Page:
From Iceland — From Oakland to Iceland

From Oakland to Iceland

From Oakland to Iceland

Published September 26, 2008

Ragnhildur Magnúsdóttir, is the director of From Oakland to Iceland: A Hip-Hop Homecoming, showing at this year’s Iceland Airwaves festival. Raised in California and part of the famed Oakland Faders Crew, her brother DJ Platurn returns to his native Iceland which he left at age 7. The film documents his life as an exported Icelander and explores his three week tour DJ’ing in his homeland, reconnecting with his family, and lifting the lid on Icelandic rap and beatboxing.

The film examines the difference between Icelandic rap and the rest of the world. How do you explain the difference?

Most people don’t even know there is hip hop in Iceland; people don’t put the two together. An Icelandic rapper’s reality is European politics or drugs or domestic violence. They aren’t shooting caps in anyone’s asses

How do you describe the movie?

It’s a Fusion of hip hop and Iceland, the flavor of my brother’s two cultures- the beats he produced with the landscape. It contrasts. I can relate to it;0 although I live here now, I lived in the states for 18 years. When you’re away, you really want to get back on the front of a mountain, you want to go somewhere and be in the landscape.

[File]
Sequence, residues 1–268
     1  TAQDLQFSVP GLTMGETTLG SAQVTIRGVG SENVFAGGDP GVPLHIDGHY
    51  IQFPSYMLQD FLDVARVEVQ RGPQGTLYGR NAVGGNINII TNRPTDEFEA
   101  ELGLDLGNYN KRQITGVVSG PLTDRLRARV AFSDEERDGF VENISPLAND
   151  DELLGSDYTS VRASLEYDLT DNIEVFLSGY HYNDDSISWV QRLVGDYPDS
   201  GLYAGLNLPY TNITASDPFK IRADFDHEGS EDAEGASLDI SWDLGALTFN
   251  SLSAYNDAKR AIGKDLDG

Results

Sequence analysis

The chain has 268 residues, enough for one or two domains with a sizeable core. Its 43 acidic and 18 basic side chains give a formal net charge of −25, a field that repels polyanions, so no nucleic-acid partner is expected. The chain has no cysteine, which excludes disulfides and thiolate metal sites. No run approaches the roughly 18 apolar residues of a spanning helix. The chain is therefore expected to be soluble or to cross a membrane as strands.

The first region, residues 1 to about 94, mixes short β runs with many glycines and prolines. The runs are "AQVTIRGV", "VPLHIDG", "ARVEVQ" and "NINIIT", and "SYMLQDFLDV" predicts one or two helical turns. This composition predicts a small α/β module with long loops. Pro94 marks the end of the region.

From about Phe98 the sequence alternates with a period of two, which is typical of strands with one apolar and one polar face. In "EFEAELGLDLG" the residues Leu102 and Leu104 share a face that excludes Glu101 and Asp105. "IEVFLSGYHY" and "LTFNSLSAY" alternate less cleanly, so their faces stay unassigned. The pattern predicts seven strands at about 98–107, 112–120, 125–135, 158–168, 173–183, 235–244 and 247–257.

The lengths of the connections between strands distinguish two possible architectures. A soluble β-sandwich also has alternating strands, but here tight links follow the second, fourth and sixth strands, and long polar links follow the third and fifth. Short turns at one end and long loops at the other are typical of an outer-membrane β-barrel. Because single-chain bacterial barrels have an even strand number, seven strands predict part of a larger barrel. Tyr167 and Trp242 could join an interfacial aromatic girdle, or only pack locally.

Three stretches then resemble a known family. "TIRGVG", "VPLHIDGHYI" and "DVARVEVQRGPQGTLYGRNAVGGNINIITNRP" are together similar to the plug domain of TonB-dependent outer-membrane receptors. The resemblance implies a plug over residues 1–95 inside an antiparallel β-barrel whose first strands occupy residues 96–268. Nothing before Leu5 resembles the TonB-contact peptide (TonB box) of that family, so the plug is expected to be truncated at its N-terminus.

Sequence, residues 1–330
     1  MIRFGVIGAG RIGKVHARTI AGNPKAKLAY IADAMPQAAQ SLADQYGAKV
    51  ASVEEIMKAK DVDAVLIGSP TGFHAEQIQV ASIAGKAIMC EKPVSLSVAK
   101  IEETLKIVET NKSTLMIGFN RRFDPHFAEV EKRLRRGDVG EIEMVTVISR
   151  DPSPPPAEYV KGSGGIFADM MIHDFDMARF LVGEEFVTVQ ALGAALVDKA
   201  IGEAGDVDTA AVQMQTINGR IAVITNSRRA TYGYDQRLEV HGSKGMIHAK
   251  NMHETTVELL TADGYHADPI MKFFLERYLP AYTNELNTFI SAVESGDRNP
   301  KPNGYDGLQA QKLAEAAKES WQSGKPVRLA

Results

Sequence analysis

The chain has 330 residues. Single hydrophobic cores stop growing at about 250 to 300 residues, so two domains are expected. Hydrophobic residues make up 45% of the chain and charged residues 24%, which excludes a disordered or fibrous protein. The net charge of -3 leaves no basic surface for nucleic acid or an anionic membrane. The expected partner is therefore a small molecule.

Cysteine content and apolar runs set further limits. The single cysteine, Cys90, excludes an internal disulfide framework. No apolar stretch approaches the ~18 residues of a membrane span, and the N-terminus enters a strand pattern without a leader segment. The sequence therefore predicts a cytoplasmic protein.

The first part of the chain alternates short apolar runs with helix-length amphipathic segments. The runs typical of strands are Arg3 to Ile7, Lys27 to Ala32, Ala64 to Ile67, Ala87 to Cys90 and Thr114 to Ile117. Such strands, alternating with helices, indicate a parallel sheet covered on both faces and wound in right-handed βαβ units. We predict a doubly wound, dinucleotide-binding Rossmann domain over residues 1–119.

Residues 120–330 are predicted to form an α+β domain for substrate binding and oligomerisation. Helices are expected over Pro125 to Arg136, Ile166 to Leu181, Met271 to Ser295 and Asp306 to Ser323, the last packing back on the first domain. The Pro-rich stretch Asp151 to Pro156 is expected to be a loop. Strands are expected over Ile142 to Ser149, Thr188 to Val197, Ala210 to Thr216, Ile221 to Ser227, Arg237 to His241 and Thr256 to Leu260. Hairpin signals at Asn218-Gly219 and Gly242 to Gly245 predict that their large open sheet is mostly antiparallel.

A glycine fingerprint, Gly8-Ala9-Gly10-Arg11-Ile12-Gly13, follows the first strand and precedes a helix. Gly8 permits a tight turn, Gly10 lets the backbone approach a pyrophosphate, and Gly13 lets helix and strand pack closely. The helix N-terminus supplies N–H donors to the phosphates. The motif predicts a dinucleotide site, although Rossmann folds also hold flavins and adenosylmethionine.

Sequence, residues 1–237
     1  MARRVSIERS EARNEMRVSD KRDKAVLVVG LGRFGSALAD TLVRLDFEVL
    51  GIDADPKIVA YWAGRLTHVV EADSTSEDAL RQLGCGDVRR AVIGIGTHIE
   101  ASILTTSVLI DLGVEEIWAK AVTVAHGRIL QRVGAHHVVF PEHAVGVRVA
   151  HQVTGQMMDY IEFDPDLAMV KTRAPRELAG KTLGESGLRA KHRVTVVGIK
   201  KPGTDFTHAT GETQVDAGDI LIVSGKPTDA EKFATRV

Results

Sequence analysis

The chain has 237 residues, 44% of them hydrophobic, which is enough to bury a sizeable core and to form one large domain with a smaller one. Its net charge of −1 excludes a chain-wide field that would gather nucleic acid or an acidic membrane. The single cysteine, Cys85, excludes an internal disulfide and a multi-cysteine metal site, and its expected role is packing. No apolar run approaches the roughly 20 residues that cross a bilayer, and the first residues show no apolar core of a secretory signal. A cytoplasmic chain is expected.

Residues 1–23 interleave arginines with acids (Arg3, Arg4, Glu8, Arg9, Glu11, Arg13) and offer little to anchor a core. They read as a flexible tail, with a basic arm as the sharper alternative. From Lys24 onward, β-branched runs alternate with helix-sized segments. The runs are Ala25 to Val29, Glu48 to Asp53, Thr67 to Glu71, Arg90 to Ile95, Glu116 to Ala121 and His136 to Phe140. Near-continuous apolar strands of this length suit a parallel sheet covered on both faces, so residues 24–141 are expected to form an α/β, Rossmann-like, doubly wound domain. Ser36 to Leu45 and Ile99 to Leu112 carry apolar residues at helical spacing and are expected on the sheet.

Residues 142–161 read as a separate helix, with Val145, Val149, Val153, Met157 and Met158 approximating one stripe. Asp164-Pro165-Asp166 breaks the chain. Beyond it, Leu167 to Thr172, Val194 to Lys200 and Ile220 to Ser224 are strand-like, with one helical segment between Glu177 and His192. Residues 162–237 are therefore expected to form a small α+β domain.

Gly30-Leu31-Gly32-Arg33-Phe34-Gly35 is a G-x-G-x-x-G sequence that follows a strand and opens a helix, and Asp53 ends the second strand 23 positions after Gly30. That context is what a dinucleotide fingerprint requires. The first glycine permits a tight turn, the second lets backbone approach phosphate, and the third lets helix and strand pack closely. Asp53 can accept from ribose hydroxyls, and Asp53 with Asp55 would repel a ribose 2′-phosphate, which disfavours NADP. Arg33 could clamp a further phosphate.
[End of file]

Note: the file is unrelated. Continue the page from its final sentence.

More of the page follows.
How would you describe your brother’s works?
He mixed Bjork’s ‘Human behavior’ and Public Enemy. I love how eclectic he is. ‘Gangsta Rap meets 80’s funk soul’ is how to define my brother -it has to be funky.

What do you hope will happen for this movie?
I’d like to show it on a few different mediums and a couple of festivals, and a premiere in Oakland. I hope it gets out there and people see it, and if it exposes ten people to Icelandic hip hop or the great music my brothers been doing then that’s perfect. There’s not so much you can do with a movie this size, I’m aware of its short comings.

How has it been launching the film in Iceland?

It’s been hard, the film circle here is very small and closed. The Icelandic Film Centre has been very supportive, but other than that, it’s been very typically ‘Icelandic’ and negative. I’ve even had female filmmakers ‘dissing’ the project. I experienced that some people were relatively negative towards it and it made me want to connect to people abroad. Maybe it was because the local scene was so negative that I ended up talking to MTV. I was looking for other ventures: if anyone attempts to film something here without asking ten people in the scene for help, or if you do it on your own and show up with a film- you’re almost like an intruder. At Skjaldborg where we premiered the film it was pretty positive, but there was this strange vibe around, like ”who does this bitch think she is?’  You have to own it. I’m not going to participate in that negative bullshit. I had 70 women in my apartment last night, all networking and female bonding.

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